# 1. Stability in the frequency domain

The frequency domain allows us to find the stability of closed loop systems using only open loop transfer functions and simple operations.

This material is also covered in this video. The GeoGebra sheet is available here.

[1]:

import numpy
from matplotlib import pyplot as plt
%matplotlib inline


## 1.1. Locating poles and zeros of a complex function

Let’s construct a complex transfer function by specifying the poles, zeros and gain separately.

[2]:

zeros = [1]
poles = [-1 + 1j, -1 - 1j]
gain = 1

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from numpy.polynomial.polynomial import polyvalfromroots

[4]:

def G(s):
return gain*polyvalfromroots(s, zeros)/polyvalfromroots(s, poles)


It will be useful for us to be able to plot a complex curve easily

[5]:

def plotcomplex(curve, color='blue', marker=None):
plt.plot(numpy.real(curve), numpy.imag(curve), color=color, marker=marker)

[6]:

def plotpz():
for p in poles:
plotcomplex(p, color='red', marker='x')
for z in zeros:
plotcomplex(z, color='red', marker='o')


This function will change the axes to be a cross through the origin and have an equal aspect ratio (so that a circle appears as a circle)

[7]:

from tbcontrol.plotting import cross_axis


Let’s construct a circular contour and see how the image of the contour moves around as the contour moves around. The image is $$G(s)$$ as $$s$$ goes through a countour

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from ipywidgets import interact

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def plotsituation(contour):
plotcomplex(contour)
plotcomplex(G(contour), color='red')
plotpz()
cross_axis()

[10]:

theta = numpy.linspace(0, 2*numpy.pi, 1000)

[11]:

def argumentprinciple(centerreal=(-2., 2.), centerimag=(-2., 2.), radius=(0.5, 3)):
contour = radius*numpy.exp(1j*theta) + centerreal + 1j*centerimag
plotsituation(contour)

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interact(argumentprinciple)


You should be able to verify the Cauchy argument principle using the interaction above:

As $$s$$ describes a simple contour enclosing $$N_p$$ poles and $$N_z$$ zeros, the image $$G(s)$$ encircles the origin $$w = N_z - N_p$$ times. $$w$$ is the winding number.

## 1.2. Closed loop stability

Normally we will be looking at transfer functions of the form

$\frac{GK}{1 + GK}$

So we will want to check if the denominator of the above $$(1 + GK)$$ has roots in the RHP. To do this we can construct a special contour called the Nyquist D contour which encloses the whole of the RHP. It starts at the origin, then goes up to infinity, circles around at infinite distance from the origin in a clockwise direction, and then comes back up the imaginary axis. For most functions, the part at infinity just maps $$1 + GK$$ to 1 as $$GK$$ goes to zero as s goes to infinity.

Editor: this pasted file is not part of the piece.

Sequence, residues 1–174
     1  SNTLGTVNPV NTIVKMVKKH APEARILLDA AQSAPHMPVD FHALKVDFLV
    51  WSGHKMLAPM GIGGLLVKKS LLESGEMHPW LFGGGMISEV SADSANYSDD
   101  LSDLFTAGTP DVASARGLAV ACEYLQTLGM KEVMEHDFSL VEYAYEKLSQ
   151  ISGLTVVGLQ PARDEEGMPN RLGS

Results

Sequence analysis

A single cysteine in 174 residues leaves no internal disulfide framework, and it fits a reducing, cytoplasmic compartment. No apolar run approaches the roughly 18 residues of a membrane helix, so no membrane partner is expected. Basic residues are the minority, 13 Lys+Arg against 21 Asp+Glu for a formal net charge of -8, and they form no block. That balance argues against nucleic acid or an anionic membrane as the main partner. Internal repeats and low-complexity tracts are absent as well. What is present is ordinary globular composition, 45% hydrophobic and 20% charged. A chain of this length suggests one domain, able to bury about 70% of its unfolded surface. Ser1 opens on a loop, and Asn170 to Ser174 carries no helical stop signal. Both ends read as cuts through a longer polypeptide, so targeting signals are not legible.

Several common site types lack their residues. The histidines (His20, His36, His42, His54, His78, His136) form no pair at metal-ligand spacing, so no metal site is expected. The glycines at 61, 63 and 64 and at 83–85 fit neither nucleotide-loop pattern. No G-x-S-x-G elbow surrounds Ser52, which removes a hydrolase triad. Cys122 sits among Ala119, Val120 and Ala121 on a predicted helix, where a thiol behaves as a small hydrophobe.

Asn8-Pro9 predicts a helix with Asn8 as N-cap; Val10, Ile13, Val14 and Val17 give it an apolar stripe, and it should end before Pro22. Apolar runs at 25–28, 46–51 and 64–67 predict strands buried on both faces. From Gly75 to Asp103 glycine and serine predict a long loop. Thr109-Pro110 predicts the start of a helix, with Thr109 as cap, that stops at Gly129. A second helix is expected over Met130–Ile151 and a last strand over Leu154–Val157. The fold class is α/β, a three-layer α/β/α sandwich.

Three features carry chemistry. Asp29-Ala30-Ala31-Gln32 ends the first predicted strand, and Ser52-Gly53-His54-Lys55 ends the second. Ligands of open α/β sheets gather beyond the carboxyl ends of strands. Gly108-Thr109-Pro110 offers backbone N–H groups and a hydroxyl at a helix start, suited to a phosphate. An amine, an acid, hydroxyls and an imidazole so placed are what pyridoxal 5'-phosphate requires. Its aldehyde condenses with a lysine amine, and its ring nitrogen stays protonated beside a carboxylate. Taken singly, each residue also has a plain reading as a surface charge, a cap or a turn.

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omega = numpy.logspace(-2, 2, 1000)
Dcontour = numpy.concatenate([1j*omega, -1j*omega[::-1]]) # We're ignoring the infinite arc


Let’s assume that $$K=1$$ and check if our system will be closed loop stable

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K = 1

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plotcomplex(K*G(Dcontour) + 1)
cross_axis(size=2)


Counting encirclements of the origin of $$1 + GK$$ is the same as counting encirclements of $$-1$$ by $$GK$$:

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def nyquistplot(K):
plotcomplex(K*G(Dcontour))
plotcomplex(-1, color='red', marker='o')
cross_axis(size=2)

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nyquistplot(K=1)


This enables us to reason easily about the effect of the controller gain on stability:

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interact(nyquistplot, K=(0.5, 5.))


## 1.3. Nyquist stability criterion

Let $$N_P$$ be the number of poles of KG(s) encircled by the D contour and $$N_Z$$ be the number of zeros of $$1+KG(s)$$ encircled by the D contour. $$N_Z$$ is the number of poles of the closed loop system in the right half plane. The resultant image shall encircle (clock-wise) the point $$(-1+j0)$$ $$w$$ times such that $$w = N_Z - N_P$$.

For a stable $$G$$ this boils down to spotting when the Nyquist plot encircles the -1 point.

## 1.4. Bode stability criterion

Nyquist plots are hard to draw by hand, though, so we often use the Bode stability criterion instead. This works by noticing that, in order for the Nyquist graph to encircle the -1 point, the phase angle must reach -180 ° and the magnitude must be bigger than 1. We can draw a Bode diagram and a Nyquist diagram next to each other to see the effect of changing gains.

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def bodeplot(K):
fig = plt.figure(figsize=(10,5))

ax_gain = plt.subplot2grid((2, 2), (0, 0))
ax_phase = plt.subplot2grid((2, 2), (1, 0))
ax_complex = plt.subplot2grid((2, 2), (0, 1), rowspan=2)

freqresp = K*G(1j*omega)

ax_gain.loglog(omega, numpy.abs(freqresp))
ax_gain.axhline(1, color='orange')
ax_gain.set_ylim([0.1, 10])
ax_gain.set_ylabel('|G|')

ax_phase.semilogx(omega, numpy.unwrap(numpy.angle(freqresp)) - numpy.angle(freqresp[0])) # We know the angle should start at 0
ax_phase.axhline(-numpy.pi, color='green')

plt.sca(ax_complex)
nyquistplot(K)

circle = numpy.exp(-1j*numpy.linspace(0, numpy.pi*2))
ax_complex.plot(circle.real, circle.imag, color='orange')
ax_complex.plot([-2, 0], [0, 0], color='green', linewidth=4, alpha=1, zorder=-1)

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interact(bodeplot, K=(0.5, 5.))

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